The view from the President: Shaping your message

CIMA President Steven Swientozielskyj, FCMA, CGMA

One of my strands of work during this year is to be an advocate — for CIMA, our profession, and our members and students.

One definition of an advocate is someone who gives public support or suggests an idea or way of doing something.

However, for me, advocacy has meaning beyond dictionary definitions. It has both a passive element — to mean what you say — and a passionate meaning — to say what you mean.

I am far from being alone as an advocate. Many of our members give public support and recommend our qualifications, credentials, and people, and I thank you for that.

Going public with a bold message straight off is not the best way to be an advocate; it requires preparation. I prepared for 18 months before becoming CIMA president — researching, consulting, and engaging with members, students, and others. I had the input of 10 to 15 key people and tested my messages with CIMA Council, our Institute’s other honorary officers, and the Association’s Management Accounting Board. This meant that I could, from day one, maximise my contribution.

Here are three steps towards getting the right message and argument to land with people you are trying to influence:

  • Envisage your outcomes: This is about making sure you understand what you are trying to achieve and goes beyond consideration of inputs, outputs, and efficiency.
  • Receive input from others: You may have a strong view of what the outcome should be, but taking a range of feedback from others in a process of collaboration rather than consent can often shift the outcome up a gear.
  • Review for fatal flaws and to add diamonds: Listening to others can reveal a flaw you have not noticed that could derail your message. In addition, others may add a diamond that can elevate your message and make it land more effectively.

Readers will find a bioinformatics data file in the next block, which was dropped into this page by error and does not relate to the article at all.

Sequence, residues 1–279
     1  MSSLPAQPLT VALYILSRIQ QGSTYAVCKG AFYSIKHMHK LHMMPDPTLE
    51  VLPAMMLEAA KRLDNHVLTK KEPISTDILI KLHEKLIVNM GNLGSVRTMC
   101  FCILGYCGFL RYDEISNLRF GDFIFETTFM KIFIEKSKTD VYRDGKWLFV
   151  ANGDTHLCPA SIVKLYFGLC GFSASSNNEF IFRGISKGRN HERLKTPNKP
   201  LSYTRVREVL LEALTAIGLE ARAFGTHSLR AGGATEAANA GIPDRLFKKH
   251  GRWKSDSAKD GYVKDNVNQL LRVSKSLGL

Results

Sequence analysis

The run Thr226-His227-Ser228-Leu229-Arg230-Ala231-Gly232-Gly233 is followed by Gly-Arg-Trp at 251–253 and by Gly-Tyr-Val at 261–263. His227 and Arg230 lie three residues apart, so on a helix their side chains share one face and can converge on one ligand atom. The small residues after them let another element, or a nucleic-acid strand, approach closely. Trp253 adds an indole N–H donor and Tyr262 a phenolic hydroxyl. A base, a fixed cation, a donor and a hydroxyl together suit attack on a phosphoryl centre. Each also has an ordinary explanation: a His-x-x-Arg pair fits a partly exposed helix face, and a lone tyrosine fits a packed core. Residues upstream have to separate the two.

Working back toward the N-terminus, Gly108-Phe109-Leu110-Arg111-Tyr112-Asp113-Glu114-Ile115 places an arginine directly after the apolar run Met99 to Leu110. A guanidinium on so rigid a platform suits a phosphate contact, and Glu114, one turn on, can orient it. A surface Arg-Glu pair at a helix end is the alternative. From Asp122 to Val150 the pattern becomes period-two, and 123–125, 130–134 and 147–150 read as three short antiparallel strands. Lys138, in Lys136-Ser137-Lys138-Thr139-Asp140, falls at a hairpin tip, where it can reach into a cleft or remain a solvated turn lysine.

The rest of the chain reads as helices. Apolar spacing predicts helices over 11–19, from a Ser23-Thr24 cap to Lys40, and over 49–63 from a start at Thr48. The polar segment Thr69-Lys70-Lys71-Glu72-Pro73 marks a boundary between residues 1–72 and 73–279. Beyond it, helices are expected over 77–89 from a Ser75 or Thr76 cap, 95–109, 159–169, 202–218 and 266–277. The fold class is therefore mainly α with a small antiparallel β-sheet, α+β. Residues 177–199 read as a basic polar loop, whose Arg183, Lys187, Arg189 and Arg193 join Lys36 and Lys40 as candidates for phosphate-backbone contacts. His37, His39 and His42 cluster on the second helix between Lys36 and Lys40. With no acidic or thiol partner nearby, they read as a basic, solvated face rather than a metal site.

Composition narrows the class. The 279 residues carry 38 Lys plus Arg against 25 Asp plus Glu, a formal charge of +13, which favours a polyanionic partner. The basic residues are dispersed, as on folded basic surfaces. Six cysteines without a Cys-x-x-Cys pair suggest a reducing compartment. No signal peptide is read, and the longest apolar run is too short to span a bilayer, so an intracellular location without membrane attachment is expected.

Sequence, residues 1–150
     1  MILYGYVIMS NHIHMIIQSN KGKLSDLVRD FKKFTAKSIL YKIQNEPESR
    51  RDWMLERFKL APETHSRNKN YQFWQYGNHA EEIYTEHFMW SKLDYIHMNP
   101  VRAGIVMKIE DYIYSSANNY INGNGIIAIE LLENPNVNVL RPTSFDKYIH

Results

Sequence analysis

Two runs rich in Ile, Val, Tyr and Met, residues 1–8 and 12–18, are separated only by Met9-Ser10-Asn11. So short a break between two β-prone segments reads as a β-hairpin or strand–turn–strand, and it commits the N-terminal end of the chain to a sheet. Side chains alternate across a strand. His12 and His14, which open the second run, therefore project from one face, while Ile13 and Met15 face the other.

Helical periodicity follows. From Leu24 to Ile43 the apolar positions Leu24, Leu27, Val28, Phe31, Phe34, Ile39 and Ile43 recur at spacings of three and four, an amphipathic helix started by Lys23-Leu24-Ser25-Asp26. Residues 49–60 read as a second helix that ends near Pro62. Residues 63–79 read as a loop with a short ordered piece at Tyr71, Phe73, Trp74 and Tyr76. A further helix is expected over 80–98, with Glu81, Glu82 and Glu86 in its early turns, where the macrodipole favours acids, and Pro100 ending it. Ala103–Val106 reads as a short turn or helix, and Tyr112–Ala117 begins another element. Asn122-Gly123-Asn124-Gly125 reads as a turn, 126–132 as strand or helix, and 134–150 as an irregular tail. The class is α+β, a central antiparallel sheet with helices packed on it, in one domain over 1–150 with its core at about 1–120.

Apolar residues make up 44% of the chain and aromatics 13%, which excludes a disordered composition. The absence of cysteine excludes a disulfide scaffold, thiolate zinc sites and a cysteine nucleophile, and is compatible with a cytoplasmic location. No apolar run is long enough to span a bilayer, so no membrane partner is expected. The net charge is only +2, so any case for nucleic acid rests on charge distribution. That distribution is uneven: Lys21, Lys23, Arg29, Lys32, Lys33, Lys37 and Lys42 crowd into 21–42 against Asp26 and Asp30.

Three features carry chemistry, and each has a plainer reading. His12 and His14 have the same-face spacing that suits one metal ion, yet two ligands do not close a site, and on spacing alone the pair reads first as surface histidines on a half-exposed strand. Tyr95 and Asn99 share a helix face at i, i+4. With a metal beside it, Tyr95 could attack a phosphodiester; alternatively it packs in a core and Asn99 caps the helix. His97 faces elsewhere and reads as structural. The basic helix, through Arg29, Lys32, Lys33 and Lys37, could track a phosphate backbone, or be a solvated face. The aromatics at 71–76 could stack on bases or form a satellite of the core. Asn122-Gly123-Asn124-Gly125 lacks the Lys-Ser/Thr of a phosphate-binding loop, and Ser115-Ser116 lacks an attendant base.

By following these steps, you are well positioned to advocate. You need, of course, to understand what you are advocating. I start at a strategic level, deep-dive to the detail to verify a point, and then once the point is clarified, push strategically.

Within the Association we are building advocacy capability. Increasingly our voice is being heard across the world, and doors are being opened to us. This is a trend I have observed as I engage with businesses, regulators, and government officials in different countries. CIMA’s centenary in 2019 is a great opportunity to further this work, and I am looking forward to doing that in the coming months.

Finally, I also committed at the beginning of my year as president to champion our Future of Finance research, which will ensure that members and students are best prepared for the digital age. I have been privileged to present some of its findings to groups of members and students, including in India, Sri Lanka, and Canada. In Toronto, I also spoke at CIMA Canada’s conference on The Future of Work, which looked at how technology and the workplace are changing in radical ways. Change challenges us — we need to embrace it to take our careers beyond what we once thought possible.

If you would like to comment on any of these issues, please do get in touch at In my next column, in December, I will reflect on the first six months of my year and the lessons I have learned as CIMA president as we move forward into 2019.